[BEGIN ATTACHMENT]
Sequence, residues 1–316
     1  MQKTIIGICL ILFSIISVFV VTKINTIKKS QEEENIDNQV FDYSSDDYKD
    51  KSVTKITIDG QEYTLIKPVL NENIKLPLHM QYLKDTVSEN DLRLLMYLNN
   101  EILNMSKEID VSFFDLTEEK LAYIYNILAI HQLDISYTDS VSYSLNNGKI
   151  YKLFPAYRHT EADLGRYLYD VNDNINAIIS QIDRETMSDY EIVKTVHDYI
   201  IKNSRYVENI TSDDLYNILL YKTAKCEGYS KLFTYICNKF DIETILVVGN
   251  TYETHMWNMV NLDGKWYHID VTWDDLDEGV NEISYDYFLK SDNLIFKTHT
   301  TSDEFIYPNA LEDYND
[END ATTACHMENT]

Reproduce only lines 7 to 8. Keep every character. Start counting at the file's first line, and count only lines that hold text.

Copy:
   251  TYETHMWNMV NLDGKWYHID VTWDDLDEGV NEISYDYFLK SDNLIFKTHT
   301  TSDEFIYPNA LEDYND